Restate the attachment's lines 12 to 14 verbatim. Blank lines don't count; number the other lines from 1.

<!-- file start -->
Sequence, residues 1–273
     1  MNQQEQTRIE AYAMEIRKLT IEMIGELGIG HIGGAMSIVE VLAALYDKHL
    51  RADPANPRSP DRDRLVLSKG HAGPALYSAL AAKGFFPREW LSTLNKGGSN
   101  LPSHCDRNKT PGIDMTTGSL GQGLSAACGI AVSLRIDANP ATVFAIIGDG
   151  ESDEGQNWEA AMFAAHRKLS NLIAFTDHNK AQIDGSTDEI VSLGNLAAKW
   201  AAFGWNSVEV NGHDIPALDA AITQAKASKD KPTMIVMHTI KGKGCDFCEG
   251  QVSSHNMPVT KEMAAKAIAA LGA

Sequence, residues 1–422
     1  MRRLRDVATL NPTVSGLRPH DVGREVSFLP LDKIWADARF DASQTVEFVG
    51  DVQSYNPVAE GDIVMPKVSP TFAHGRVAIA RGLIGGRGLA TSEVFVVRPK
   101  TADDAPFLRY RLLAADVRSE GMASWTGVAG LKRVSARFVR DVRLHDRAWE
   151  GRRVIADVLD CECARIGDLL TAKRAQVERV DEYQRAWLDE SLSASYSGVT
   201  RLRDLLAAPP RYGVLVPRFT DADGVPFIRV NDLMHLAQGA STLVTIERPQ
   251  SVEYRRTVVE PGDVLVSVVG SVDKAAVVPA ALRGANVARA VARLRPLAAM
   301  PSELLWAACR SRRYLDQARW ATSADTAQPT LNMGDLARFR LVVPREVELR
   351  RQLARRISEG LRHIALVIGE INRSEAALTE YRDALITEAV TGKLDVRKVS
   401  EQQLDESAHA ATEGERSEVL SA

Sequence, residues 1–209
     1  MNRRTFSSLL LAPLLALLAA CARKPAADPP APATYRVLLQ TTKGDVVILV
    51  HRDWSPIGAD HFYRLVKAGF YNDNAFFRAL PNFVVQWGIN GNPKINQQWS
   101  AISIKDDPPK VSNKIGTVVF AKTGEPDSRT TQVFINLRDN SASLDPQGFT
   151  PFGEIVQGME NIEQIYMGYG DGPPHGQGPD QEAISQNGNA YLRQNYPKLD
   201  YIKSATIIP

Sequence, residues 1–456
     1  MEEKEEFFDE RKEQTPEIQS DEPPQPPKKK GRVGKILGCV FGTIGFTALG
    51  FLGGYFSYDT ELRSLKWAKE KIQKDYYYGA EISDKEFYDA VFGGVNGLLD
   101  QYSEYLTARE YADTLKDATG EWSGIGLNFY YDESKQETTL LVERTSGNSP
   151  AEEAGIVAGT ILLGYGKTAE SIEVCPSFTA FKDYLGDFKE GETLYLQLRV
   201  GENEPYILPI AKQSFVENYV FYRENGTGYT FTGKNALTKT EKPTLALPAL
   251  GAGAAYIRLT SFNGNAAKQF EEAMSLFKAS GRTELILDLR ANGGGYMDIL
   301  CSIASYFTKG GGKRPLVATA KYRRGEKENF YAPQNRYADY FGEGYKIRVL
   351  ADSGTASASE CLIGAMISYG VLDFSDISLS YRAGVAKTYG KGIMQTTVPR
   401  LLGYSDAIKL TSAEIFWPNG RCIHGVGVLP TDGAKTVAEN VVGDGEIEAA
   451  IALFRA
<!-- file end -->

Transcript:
   151  GRRVIADVLD CECARIGDLL TAKRAQVERV DEYQRAWLDE SLSASYSGVT
   201  RLRDLLAAPP RYGVLVPRFT DADGVPFIRV NDLMHLAQGA STLVTIERPQ
   251  SVEYRRTVVE PGDVLVSVVG SVDKAAVVPA ALRGANVARA VARLRPLAAM